Step 2: Connect 3rd party integrations
Once the BYOD macro is on a Confluence page, team members can simply click the "+ Add" button to connect BYOD to an external data source like their Stripe account.
BYOD is built on the OAuth 2.0 framework to securely integrate with each 3rd party app. When the user wants to connect an integration, they're taken to the app's website to login and authorize BYOD to access their data on those services.
Step 3: Add modules to the dashboard!
Once an integration is connected, BYOD has built-in modules that users can add to their dashboard. Each module can be dragged, resized, and moved around to create a truly personalized dashboard for each team.
The app currently supports integrations from Stripe and Quickbooks, but we have many more integrations planned, each with even more module types to add to the BYOD dashboard.
How we built it (technical overview)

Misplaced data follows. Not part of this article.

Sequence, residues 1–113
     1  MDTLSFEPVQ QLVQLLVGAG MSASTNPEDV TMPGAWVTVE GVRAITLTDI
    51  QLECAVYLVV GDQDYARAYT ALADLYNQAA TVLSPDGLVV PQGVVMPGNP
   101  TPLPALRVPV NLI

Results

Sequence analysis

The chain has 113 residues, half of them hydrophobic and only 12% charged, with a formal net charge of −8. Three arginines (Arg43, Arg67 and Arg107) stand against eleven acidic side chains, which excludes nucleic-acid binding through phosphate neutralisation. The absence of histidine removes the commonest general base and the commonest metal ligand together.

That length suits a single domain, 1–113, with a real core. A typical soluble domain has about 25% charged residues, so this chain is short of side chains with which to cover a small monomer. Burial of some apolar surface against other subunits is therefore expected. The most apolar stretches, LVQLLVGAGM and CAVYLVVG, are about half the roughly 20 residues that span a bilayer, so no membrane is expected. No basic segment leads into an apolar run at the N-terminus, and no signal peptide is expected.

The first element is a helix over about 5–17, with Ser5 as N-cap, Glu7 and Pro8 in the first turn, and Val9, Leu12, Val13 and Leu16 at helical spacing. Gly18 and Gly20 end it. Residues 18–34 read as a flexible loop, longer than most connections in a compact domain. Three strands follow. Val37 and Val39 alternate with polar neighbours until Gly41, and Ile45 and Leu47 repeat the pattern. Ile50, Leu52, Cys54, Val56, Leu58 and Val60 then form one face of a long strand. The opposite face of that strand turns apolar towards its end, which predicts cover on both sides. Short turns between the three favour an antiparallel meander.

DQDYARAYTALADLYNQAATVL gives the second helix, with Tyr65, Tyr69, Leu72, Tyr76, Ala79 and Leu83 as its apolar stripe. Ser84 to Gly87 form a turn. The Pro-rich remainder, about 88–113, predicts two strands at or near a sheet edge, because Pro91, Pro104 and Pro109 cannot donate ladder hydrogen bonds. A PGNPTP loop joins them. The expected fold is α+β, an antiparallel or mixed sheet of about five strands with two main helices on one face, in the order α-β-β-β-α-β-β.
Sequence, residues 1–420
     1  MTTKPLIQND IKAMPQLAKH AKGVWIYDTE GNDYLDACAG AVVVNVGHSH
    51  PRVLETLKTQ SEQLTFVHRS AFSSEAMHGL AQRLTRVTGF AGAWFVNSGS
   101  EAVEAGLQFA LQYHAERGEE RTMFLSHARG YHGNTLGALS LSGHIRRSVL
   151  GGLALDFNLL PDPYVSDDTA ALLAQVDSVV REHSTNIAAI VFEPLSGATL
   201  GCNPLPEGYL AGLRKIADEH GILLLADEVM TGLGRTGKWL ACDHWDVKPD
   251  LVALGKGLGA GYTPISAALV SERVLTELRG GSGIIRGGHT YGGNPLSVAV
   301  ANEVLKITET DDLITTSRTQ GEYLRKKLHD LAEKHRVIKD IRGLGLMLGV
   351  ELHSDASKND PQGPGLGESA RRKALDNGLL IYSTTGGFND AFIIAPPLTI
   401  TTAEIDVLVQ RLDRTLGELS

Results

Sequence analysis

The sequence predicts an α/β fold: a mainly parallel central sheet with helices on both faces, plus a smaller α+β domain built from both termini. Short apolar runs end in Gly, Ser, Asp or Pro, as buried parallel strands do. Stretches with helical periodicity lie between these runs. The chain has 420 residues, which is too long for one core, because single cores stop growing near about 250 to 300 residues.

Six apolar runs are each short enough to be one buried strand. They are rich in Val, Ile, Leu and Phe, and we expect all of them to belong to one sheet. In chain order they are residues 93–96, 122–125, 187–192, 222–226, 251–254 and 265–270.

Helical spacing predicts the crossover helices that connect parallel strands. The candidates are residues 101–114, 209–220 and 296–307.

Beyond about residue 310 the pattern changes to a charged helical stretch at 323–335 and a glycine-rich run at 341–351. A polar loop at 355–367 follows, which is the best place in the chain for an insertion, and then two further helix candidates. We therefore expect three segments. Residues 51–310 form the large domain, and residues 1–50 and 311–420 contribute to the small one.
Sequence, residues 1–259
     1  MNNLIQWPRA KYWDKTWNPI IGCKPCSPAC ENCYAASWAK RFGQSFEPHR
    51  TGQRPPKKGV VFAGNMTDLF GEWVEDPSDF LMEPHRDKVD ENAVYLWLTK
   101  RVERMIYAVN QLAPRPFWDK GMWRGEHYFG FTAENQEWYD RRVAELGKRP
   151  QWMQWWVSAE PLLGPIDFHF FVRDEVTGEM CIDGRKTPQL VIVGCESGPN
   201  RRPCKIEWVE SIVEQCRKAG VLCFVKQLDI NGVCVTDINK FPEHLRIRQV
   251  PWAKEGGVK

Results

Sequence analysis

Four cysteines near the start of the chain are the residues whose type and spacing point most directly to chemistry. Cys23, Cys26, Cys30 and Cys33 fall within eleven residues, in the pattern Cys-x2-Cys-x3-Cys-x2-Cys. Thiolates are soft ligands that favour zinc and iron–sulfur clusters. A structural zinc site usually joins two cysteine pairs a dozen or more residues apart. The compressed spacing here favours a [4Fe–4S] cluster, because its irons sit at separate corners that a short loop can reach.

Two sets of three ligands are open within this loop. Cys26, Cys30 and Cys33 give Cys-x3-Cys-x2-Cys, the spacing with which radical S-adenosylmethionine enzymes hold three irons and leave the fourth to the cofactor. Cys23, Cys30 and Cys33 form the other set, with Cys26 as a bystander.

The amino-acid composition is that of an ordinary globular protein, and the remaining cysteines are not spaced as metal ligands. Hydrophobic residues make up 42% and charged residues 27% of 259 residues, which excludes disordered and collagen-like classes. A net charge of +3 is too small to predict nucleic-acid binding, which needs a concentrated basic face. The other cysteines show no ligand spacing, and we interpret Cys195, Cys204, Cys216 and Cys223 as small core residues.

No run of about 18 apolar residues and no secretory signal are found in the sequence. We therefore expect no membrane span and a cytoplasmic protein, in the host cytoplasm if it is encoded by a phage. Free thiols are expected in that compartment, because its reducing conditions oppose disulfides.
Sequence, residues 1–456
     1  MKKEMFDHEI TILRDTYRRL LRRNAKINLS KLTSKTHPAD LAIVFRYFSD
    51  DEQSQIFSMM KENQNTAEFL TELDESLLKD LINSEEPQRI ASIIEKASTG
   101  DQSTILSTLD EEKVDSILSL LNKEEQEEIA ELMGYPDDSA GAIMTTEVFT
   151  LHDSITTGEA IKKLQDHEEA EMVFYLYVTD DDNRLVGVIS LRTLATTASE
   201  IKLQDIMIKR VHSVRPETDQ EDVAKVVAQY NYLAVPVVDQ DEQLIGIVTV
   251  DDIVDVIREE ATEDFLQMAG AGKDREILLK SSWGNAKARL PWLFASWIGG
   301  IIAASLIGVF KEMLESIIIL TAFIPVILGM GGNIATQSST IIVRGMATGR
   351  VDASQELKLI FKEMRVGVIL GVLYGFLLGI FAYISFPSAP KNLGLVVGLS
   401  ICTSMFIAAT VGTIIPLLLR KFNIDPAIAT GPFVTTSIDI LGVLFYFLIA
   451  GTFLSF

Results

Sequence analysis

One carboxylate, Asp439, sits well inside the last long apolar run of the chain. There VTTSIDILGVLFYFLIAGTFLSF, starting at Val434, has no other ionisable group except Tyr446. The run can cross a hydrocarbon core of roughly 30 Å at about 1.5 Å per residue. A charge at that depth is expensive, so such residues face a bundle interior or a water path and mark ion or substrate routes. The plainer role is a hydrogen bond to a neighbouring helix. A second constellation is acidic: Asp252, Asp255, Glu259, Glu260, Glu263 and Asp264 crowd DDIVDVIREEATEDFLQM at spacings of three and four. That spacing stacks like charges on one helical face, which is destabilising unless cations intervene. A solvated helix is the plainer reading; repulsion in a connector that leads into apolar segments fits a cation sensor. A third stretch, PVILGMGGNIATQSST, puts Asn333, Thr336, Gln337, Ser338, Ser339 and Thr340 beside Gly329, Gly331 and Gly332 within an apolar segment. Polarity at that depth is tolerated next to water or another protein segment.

Without Forge, BYOD truly could not have been built within the timeframe of this hackathon. Under the hood, BYOD uses multiple Forge APIs:
|Custom UI (@forge/bridge)
|The frontend of the app uses Forge's Custom UI framework, and communicates with Forge's backend FaaS functions through a Resolver (more below).
|The resolver functions handle saving/retrieving from Storage, handling redirects from OAuth authorization flows, and calling API endpoints for integrations.
|OAuth authorization URL
|When a user wants to add an integration, the
router.open() API opens the authorization url in a new tab.
|OAuth authorization callback URL
|webTrigger API (@forge/api)
|When a user authorizes BYOD, the integration provider (e.g. Stripe) sends an authorization code to a redirect url, which is a Forge webtrigger that exchanges that code for an access token.
|Dashboard layout saving/loading
|Storage API (@forge/api)
|Whenever the user adds a module to the dashboard, changes a module's configuration, or removes a module, BYOD uses the Storage API to save the dashboard layout state so it can be restored on a new page load.
|Storing OAuth access tokens
|Storage API (@forge/api)
|When BYOD receives an access token for a user from an integration, it encrypts the token and saves it to storage, and decrypts it for use in an API call. We could have stored the tokens on our own external database, but we decided to keep the app more secure by storing the encrypted tokens internally. We are excited to see how the upcoming External Auth feature will help facilitate this in a more secure way!